Accuracy and reliability of frozen section diagnosis in a series of 672 nonpalpable breast lesions.Am J Clin Pathol. 1995 Feb; 103(2):199-205.AJ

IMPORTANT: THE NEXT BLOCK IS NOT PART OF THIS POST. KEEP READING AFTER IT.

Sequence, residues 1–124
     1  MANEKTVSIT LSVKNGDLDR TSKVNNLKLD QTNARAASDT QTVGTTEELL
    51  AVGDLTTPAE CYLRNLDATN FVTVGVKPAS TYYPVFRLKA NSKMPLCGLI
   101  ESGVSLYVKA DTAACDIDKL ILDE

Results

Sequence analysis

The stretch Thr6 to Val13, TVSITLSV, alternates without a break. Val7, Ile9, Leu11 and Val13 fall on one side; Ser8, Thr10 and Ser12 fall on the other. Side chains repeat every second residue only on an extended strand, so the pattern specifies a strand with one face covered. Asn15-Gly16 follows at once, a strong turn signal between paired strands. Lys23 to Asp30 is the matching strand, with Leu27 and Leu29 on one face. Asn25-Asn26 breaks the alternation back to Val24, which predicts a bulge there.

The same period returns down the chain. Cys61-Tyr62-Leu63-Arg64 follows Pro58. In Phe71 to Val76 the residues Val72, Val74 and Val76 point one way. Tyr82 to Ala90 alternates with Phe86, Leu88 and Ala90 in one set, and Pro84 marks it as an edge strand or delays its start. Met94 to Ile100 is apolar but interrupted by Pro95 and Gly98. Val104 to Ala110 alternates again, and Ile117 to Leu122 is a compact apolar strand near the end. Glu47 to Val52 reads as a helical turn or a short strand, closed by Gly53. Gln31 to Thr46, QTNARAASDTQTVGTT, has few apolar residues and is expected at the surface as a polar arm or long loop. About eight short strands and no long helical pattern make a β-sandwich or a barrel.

Frozen section (FS) diagnosis was routinely performed in a large series of nonpalpable breast lesions from 1977 through 1991. The original FS diagnoses of 672 patients were classified in four categories (1 = benign lesion, 2 = in situ carcinoma, 3 = invasive carcinoma, 4 = deferred diagnosis) and compared with the diagnoses obtained at review of the permanent paraffin sections to estimate the accuracy of FS. A review of the mammographic pattern of the lesion was also performed. Frozen section diagnostic conclusion was deferred to permanent paraffin sections in only 22 cases (3.3%). Benign or malignant (grouping in situ and invasive carcinomas) FS diagnoses were accurate in 623 of 650 cases (95.8%). Overall, the prevalence of malignant lesions was 44.8% with a benign/malignant ratio of 1.2. The diagnosis was modified on the basis of permanent sections in 27 cases (4.2%) with three false positives and 24 false negatives. Sensitivity and specificity of FS diagnoses were 91.7 and 99.2%, respectively. When the comparison between FS and histologic diagnoses was analyzed according to the mammographic pattern, sensitivity among patients with microcalcifications as the only alteration was lower (88.8%) than among patients with opacities (94.9%). On the basis of these results, FS is to be considered a feasible and reliable diagnostic procedure in nonpalpable breast lesions, particularly in cases excised because of a mammographic opacity that is identifiable on gross examination of the surgical specimen.